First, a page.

Kage Baker is, as ever, my goad and reminder. I need to write, which she never lets me forget; her voice is my constant companion, in memory. And when I find myself considering doing something that is a flagrant waste of time – like watching television while doing nothing else at all – hers is the wry and disapproving glance I catch in the corner of my mind’s eye. If she’d ever managed to master that one-raised-eyebrow trick, she’d be using it on me.
Luckily for me, she never did learn that. It annoyed the hell out of her that I’ve been able to do it since age 11. Now I feel compelled to raise a sarcastically inquiring eyebrow at myself whenever I pass a mirror. And what are you doing with your time today, hmmm?
This weekend, as little as possible. I plead ill health and elf-bolts; migraines, melancholy and heartburn have rendered me wan and listless, a veritable mushroom, a pale and fungoid sufferer in stuffy rooms. I’ve had an urge to wear purple, and fuzzy socks. I haven’t even had the energy to read; and when that happens I must either cheer right up or die outright: I have reached the utter dead end of my resources.
And it’s been raining all weekend, too. That’s actually a good thing, and I have been pleased to lie warm abed and listen to the soft rain drip off the roof. It’s been a lovely soaking rain, and the earth has rejoiced considerably under it. It’s also been a perfect rain for sleeping through, and I’ve made an honest effort to do that.
Having finally gotten myself out of bed, out of my nightgown and into some real clothes today, I managed to go shopping for wooden clothespins. Those are an essential item in my household, as they are Harry’s favourite toys. They can’t be found just anywhere – not many people still hang their clothes out on lines – but craft stores carry them as dollie blanks. Harry has a coffee cup always full of them by his daytime perch, and he spends a little happy time each day industriously turning clothes pins into tooth picks and tinder. And when I get lazy and he runs out … that’s when he attacks my knitting and shreds my knitting needles. And then laughs at me.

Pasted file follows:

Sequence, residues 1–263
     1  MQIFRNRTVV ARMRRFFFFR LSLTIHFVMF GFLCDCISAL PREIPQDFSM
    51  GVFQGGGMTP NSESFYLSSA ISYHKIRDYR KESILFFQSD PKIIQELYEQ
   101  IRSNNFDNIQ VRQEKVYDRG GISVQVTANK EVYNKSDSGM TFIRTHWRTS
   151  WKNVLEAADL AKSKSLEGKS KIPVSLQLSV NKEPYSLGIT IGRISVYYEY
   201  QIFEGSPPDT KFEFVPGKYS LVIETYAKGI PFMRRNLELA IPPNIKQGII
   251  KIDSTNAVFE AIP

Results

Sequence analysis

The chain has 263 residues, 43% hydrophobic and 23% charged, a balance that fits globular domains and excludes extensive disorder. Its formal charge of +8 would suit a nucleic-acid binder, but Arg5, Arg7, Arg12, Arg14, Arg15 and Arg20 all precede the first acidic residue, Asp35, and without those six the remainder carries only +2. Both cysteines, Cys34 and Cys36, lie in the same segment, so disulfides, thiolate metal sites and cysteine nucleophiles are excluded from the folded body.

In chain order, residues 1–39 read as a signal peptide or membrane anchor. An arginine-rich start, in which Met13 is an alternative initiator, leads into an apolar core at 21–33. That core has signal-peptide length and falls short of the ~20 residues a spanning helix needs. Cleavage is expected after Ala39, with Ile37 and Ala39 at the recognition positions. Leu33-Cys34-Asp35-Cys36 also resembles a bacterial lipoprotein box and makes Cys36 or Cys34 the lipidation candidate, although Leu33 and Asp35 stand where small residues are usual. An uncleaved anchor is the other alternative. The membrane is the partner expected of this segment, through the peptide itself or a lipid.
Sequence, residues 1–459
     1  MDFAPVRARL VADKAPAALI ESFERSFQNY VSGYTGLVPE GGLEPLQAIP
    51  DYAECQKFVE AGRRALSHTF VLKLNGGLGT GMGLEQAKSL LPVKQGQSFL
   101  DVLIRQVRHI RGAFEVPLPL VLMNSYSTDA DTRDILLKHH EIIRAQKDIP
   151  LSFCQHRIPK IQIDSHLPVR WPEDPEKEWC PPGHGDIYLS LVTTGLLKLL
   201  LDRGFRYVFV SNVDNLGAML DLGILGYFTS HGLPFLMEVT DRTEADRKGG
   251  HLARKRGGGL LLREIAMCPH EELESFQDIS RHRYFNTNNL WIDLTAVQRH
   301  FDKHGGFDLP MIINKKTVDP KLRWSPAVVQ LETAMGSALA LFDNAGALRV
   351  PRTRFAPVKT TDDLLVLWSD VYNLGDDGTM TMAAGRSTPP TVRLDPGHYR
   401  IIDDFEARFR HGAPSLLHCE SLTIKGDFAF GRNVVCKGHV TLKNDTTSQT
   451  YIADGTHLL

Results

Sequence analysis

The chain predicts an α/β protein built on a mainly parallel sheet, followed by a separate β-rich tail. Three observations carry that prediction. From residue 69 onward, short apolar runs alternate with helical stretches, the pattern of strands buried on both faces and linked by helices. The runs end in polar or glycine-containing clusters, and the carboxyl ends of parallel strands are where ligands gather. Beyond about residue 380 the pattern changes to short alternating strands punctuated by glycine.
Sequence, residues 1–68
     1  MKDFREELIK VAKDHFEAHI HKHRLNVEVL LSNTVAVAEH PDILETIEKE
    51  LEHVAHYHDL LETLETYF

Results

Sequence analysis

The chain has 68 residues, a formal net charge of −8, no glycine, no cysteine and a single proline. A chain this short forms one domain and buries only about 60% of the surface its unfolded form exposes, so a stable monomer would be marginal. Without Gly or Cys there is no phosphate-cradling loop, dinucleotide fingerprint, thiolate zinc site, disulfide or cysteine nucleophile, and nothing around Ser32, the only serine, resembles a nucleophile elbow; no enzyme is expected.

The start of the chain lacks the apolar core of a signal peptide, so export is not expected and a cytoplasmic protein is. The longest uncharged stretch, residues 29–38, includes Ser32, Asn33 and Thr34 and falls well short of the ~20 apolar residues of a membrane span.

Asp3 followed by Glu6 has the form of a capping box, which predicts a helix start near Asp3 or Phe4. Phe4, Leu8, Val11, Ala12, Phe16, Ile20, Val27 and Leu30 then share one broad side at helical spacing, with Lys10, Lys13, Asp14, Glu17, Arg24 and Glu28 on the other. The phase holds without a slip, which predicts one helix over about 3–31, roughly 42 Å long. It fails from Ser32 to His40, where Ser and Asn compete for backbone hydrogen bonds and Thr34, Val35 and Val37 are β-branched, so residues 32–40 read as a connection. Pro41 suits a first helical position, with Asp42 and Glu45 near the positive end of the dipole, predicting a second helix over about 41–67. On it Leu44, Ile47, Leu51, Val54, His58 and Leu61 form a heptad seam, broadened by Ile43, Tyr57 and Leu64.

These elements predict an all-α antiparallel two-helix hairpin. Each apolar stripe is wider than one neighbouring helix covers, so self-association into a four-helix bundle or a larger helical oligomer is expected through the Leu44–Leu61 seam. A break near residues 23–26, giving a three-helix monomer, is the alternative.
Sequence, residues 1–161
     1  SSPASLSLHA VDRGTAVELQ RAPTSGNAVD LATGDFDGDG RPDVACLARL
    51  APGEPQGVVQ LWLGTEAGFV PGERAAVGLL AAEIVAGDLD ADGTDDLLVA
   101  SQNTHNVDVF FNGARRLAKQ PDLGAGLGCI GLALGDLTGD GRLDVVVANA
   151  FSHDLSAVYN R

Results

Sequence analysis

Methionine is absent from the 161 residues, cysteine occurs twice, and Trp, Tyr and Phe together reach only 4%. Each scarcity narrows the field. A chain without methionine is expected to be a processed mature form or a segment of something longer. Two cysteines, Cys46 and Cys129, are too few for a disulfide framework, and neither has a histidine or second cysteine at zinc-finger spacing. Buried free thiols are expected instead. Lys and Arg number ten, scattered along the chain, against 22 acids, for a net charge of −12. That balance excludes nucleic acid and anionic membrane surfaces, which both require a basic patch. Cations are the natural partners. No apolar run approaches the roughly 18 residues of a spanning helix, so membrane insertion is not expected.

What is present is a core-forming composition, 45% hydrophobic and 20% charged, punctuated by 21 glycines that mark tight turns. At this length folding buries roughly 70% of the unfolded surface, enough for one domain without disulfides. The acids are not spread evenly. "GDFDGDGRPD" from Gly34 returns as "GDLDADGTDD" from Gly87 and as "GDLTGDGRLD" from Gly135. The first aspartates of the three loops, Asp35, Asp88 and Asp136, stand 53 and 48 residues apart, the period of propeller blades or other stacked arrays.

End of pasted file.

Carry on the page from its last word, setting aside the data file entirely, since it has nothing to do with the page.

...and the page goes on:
I did sit up long enough to chat with my family and watch some movies, and finally pin down my charity blanket project to a pattern that will work. I messed up the one I had planned a half a dozen times; I finally settled on simple stripes, and it’s finally beginning to advance in length. High time – Kimberly has nearly completed the first colour skein in her classic afghan.
Of course, the real purpose underlying all the activity – the shopping, reading, knitting, family time – is that these are the battery-chargers of the domestic writer. They drive the inner heat that keeps the vital kettle simmering on the back burners of one’s mind, so that eventually a full head of steam is built up and it begins to whistle urgently, ululating back there like a ban sidhe, ordering me to lay down all the other excuses for creativity and get me back to my keyboard.
Kage used to describe its wailing. I suggested she try thinking of it as a train whistle, calling her out on adventures; she fixed me with her black, black eyes and said, “Ha! Just you wait – it’s a summons, is what it is, and there’s no invitation about it. When it calls, I go. And so will you.”
She’s been right, usually. It was, after all, her habit to be so. Of course, my own habits do tend to tunnel in like dastardly moles, and change all the careful flower beds so neatly laid out by Kage’s care. That’s why this meandering blog entry is being composed at half-way to midnight, to make my mark and keep a New Year’s vow.
The lovely thing, though, Dear Readers, is that once this duty is done and pinned up – well, the soft rain is still falling outside my window, and the few lights in the house are low and comforting; it’s quiet enough to hear the moth-wing flicker of the candle flame in the jar on my desk.
Now there’s plenty of time to write. So I’ll bid you all goodnight, and be off to do so. That’s no train whistle out in the dark – Kage was right. And I know it.